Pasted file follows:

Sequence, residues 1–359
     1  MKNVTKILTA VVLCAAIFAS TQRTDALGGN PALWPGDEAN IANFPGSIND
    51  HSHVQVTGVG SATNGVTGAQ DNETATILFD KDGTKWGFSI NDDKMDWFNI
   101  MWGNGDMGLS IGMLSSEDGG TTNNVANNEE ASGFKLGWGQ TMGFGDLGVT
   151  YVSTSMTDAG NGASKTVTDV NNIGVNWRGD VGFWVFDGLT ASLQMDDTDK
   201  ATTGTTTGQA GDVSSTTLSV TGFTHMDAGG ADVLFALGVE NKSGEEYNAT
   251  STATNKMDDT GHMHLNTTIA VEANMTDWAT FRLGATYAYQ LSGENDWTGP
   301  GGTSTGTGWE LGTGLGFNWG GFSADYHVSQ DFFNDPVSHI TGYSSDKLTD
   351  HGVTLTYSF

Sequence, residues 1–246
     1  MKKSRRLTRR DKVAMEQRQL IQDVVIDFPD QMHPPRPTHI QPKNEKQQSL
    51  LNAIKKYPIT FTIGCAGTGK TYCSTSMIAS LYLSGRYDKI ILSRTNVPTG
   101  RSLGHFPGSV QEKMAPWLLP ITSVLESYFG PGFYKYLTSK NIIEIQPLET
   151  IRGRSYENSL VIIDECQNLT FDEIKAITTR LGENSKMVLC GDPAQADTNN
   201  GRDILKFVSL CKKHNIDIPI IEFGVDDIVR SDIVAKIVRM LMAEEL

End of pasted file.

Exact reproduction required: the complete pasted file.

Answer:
Sequence, residues 1–359
     1  MKNVTKILTA VVLCAAIFAS TQRTDALGGN PALWPGDEAN IANFPGSIND
    51  HSHVQVTGVG SATNGVTGAQ DNETATILFD KDGTKWGFSI NDDKMDWFNI
   101  MWGNGDMGLS IGMLSSEDGG TTNNVANNEE ASGFKLGWGQ TMGFGDLGVT
   151  YVSTSMTDAG NGASKTVTDV NNIGVNWRGD VGFWVFDGLT ASLQMDDTDK
   201  ATTGTTTGQA GDVSSTTLSV TGFTHMDAGG ADVLFALGVE NKSGEEYNAT
   251  STATNKMDDT GHMHLNTTIA VEANMTDWAT FRLGATYAYQ LSGENDWTGP
   301  GGTSTGTGWE LGTGLGFNWG GFSADYHVSQ DFFNDPVSHI TGYSSDKLTD
   351  HGVTLTYSF

Sequence, residues 1–246
     1  MKKSRRLTRR DKVAMEQRQL IQDVVIDFPD QMHPPRPTHI QPKNEKQQSL
    51  LNAIKKYPIT FTIGCAGTGK TYCSTSMIAS LYLSGRYDKI ILSRTNVPTG
   101  RSLGHFPGSV QEKMAPWLLP ITSVLESYFG PGFYKYLTSK NIIEIQPLET
   151  IRGRSYENSL VIIDECQNLT FDEIKAITTR LGENSKMVLC GDPAQADTNN
   201  GRDILKFVSL CKKHNIDIPI IEFGVDDIVR SDIVAKIVRM LMAEEL